Park Teams with City to Build Sewer Line
November 21, 2003
Tom Farrell, 605-745-1130
Wind Cave National Park will join with the City of Hot Springs in building a ten-mile long sewer line as a result of a decision made by the National Park Service Midwest Regional Director Ernie Quintana and the Hot Springs City Council. Regional Director Quintana signed the Finding of No Significant Impact (FONSI) for an Environmental Assessment for the Project to Replace the Failing Wastewater Treatment Facility. The city had previously voted in favor of the plan.
This project will replace the existing three sewage lagoons that, except for emergency actions, would have overflowed three times in the last ten years. Superintendent Linda L. Stoll said, “Our current system is not working. This project will allow us, along with private landowners along the route of the pipeline, to hook into the Hot Springs municipal system and protect the Madison Aquifer from untreated wastewater.”
Planning for this project included public scoping in February 2002 and culminated with a 30-day comment period last spring. The park’s Facility Manager, Steve Schrempp, a professional engineer, said, “As a result of comments received, we made substantial changes to our original design, and we feel this modified preferred alternative will ensure the safety of the area’s groundwater.”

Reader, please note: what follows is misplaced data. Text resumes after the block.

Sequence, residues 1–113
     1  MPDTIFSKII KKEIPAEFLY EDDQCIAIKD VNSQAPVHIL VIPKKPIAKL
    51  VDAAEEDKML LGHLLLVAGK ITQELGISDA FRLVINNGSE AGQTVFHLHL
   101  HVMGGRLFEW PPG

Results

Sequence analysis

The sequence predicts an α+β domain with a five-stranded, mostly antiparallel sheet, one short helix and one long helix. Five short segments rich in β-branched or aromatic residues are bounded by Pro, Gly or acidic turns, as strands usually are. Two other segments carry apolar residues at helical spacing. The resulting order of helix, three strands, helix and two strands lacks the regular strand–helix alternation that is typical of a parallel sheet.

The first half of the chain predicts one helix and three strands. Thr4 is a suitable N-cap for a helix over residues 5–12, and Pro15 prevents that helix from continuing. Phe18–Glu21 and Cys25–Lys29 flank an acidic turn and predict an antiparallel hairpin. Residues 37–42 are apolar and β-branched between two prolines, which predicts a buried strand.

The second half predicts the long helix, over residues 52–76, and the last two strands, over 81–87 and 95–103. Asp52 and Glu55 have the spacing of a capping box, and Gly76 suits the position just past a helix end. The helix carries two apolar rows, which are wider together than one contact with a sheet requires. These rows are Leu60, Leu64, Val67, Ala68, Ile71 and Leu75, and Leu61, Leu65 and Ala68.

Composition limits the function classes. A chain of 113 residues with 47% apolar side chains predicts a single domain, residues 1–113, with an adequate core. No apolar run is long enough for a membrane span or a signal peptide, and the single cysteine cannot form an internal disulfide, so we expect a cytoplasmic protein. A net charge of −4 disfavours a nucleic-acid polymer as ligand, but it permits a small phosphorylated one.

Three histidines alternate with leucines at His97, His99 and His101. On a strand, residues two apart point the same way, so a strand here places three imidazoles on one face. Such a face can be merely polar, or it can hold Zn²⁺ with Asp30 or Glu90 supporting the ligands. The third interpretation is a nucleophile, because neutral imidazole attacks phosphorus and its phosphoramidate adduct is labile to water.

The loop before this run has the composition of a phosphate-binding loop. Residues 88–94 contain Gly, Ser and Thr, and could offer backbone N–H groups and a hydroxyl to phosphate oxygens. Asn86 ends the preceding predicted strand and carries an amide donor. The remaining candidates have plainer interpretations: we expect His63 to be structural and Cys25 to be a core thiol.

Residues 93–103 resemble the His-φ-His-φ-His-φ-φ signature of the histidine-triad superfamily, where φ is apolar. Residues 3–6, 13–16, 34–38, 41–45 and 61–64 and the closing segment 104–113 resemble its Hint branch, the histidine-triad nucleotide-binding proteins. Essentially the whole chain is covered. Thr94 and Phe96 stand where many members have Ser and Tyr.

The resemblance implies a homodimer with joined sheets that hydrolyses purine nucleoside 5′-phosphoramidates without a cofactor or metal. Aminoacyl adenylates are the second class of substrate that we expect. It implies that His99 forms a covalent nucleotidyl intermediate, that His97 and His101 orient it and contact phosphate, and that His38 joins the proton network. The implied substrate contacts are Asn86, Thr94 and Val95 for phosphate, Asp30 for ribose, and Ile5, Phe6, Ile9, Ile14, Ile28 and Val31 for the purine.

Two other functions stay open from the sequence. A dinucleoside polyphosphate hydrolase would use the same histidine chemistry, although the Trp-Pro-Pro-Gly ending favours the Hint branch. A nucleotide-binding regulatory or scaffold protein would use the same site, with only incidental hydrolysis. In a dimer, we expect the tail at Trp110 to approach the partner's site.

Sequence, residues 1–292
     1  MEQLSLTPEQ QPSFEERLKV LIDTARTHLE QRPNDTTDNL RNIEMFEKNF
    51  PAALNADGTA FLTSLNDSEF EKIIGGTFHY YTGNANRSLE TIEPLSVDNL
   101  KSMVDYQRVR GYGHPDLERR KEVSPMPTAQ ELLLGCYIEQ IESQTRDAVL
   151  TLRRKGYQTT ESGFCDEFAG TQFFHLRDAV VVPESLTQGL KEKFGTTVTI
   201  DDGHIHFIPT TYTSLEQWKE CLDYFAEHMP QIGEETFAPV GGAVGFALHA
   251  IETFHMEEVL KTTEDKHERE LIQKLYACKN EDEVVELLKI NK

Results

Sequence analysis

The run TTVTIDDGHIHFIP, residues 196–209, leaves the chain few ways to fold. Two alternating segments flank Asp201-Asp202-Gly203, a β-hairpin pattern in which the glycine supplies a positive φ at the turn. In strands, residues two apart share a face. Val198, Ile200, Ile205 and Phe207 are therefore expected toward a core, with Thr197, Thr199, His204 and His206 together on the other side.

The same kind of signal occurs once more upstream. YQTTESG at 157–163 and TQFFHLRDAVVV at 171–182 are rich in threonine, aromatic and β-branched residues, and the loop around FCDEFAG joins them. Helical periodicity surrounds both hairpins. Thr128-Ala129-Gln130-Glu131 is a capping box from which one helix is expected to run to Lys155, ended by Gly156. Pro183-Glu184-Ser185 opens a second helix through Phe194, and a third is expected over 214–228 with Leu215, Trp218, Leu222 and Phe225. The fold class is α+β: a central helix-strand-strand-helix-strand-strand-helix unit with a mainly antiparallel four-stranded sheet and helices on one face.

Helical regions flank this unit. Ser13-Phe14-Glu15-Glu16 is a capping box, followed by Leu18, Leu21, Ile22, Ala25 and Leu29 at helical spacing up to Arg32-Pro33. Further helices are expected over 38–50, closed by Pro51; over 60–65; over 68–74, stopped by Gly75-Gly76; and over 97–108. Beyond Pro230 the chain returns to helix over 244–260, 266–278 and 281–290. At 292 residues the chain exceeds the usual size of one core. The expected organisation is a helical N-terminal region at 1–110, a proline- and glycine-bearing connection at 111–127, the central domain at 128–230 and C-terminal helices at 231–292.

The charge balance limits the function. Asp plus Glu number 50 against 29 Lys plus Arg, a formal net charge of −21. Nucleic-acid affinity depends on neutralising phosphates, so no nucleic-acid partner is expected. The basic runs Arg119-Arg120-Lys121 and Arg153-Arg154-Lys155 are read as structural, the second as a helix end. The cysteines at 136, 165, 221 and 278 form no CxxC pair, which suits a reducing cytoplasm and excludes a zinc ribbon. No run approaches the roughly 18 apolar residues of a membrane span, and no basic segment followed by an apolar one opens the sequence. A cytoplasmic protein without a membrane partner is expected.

The new preferred alternative calls for a force main (pressurized pipeline) to be constructed from the park’s developed area to its southern boundary along Highway 385. The National Park Service (NPS) will oversee construction for this four-mile stretch of line. The remaining 5.7 miles of pipeline south of the park will function primarily by gravity flow into town. This stretch will be funded by the NPS but designed, constructed, owned, and maintained by the city. Both sections of the line will be designed by a professional engineer.
The park will work closely with state officials to ensure the project will meet or exceed current state and federal guidelines for sewer system construction. Schrempp added, “We looked at many alternatives, from modifying the existing ponds to building a wastewater treatment plant, and this alternative consistently scored the highest of all the options.”
The park will pay the city a monthly sewer user fee, as do other commercial users, and a portion of the line’s maintenance cost should the city require it.
Construction is planned to begin next summer or fall. Copies of the FONSI are available at the Hot Springs, Custer, and Rapid City libraries, at the Wind Cave Visitor Center, or online at www.nps.gov/wica/Park_Documents.htm.
Did You Know?
Elk were the most widely distributed member of the deer family in North America and spread from the Atlantic to the Pacific, from Mexico to northern Alberta. Elk began to disappear in the eastern United States in the early 1800s. More...